“We like to say we’re trying to expand the imaginative powers of the human species. The goal is to make humans more imaginative, not make imaginative machines, which I think is an important distinction.”
It’s funny how as technology rapidly evolves, so does its corresponding vocabulary, or, as more popularly referred to, its ‘buzzwords’. In just a relatively short period of time, we have been introduced to ‘bots’, the ‘metaverse’, ‘extended reality’ (‘XR’), ‘digital immune system’ (‘DIS’), and ‘content scraping’. This last one? According to many observers, it’s just a newfangled way of saying ‘website shoplifting’.
As with any content lifting, it is, of course, illegal if done without the consent of the original source creator. But with the advent of sophisticated AI tools known as text-to-image generators, the practice is made much easier. And now, artists whose works have been used to train the AI image generators are suing to stop the alleged purloining of their creative works.
AI diffusion was developed in 2015 at Stanford University, and it works by taking an image, or even non-image data, and progressively adding visual enhancements (or ‘noise’) that change the original image, step by step, until the image has been totally ‘diffused’ and is considered random noise. Next, AI backtracks over those same steps that turned the image into noise and removes the noise until a copy of the original image is produced. The process is similar to—yet different from— the way that digital formats such as MP3 and JPEG compress copies of digital data by omitting certain details of the data. Through diffusion, an AI program can reconstruct a copy of training data by way of de-noising.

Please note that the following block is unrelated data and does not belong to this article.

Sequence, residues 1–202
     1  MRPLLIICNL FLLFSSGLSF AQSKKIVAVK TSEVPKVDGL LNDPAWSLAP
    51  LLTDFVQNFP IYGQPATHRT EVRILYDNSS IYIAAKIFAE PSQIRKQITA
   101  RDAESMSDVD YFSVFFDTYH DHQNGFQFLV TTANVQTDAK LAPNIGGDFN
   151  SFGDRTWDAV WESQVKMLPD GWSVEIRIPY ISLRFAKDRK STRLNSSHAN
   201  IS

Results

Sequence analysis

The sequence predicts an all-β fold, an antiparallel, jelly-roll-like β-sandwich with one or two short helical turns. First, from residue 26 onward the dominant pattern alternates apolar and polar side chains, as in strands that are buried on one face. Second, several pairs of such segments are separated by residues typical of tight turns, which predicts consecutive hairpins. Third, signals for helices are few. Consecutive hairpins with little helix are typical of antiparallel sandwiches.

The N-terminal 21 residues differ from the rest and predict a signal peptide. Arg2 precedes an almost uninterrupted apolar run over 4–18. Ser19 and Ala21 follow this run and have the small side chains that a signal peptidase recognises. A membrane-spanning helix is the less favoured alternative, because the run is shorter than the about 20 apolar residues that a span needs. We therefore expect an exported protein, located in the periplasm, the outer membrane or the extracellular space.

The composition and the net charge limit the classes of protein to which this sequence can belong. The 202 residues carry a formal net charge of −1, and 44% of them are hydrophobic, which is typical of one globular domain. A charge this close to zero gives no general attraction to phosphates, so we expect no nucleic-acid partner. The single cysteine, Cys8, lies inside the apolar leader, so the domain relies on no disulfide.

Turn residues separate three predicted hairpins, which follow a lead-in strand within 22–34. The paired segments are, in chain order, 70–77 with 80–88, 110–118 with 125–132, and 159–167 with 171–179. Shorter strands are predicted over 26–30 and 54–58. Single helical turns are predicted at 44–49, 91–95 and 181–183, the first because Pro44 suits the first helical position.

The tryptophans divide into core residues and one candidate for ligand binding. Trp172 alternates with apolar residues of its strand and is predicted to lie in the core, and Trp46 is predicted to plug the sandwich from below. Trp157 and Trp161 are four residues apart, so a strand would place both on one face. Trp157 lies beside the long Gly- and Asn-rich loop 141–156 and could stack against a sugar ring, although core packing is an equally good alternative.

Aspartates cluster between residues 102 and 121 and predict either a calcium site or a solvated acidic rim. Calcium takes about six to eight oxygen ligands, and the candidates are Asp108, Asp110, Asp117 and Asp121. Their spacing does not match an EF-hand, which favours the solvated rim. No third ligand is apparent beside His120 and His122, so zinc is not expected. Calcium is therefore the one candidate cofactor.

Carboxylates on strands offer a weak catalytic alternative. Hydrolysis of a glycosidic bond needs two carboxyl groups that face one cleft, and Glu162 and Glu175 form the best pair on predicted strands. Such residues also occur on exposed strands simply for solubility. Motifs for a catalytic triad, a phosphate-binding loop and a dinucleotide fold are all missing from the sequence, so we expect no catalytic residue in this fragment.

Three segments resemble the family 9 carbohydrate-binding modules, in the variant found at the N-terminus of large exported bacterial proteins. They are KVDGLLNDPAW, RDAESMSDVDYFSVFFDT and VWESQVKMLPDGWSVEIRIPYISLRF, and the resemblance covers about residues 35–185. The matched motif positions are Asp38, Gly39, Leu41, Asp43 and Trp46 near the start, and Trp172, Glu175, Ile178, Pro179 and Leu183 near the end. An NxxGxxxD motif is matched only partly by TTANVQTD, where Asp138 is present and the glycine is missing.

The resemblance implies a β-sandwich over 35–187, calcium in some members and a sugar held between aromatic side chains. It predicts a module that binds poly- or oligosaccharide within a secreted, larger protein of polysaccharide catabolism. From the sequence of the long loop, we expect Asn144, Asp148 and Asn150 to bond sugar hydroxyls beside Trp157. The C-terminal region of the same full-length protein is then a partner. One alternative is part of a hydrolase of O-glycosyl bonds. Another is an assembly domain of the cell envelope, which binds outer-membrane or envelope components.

In 2020, researchers at UC Berkeley took the technique one step further in order to produce high-fidelity copies of training images known as latent images, and, when those latent images were interpolated mathematically, a new derivative image was produced. In 2022, researchers in Germany developed a technique to shape the de-noising process with additional information (‘conditioning’), including using short text descriptions for conditioning. Stable Diffusion and other AI image generators (‘collage tools’) use a text prompt to create a new image.
Creating AI Diffusion Datasets
Stability AI is a company founded in London that funds LAION (Large-scale Artificial Intelligence Open Network), a German non-profit organization that provides datasets, tools, and models to advance machine learning research. Stability AI developed Stable Diffusion using the LAION dataset, and the organization also released Dream Studio, a web interface version of Stable Diffusion.
Another major player on the AI diffusion scene is Deviant Art which was founded in 2000 and soon became one of the largest artist communities on the internet. Possibly millions of LAION dataset images were copied from Deviant Art for the purpose of training Stable Diffusion. Yet another organization, Midjourney, founded in San Francisco in 2021, offers text-to-image generation through its web app.
So, what do Stability AI, Deviant Art, and Midjourney all have in common? They are all defendants in a class action lawsuit brought by artists whose works were scraped in order to train the text-to-image generators.
Collage Tools and Copyrights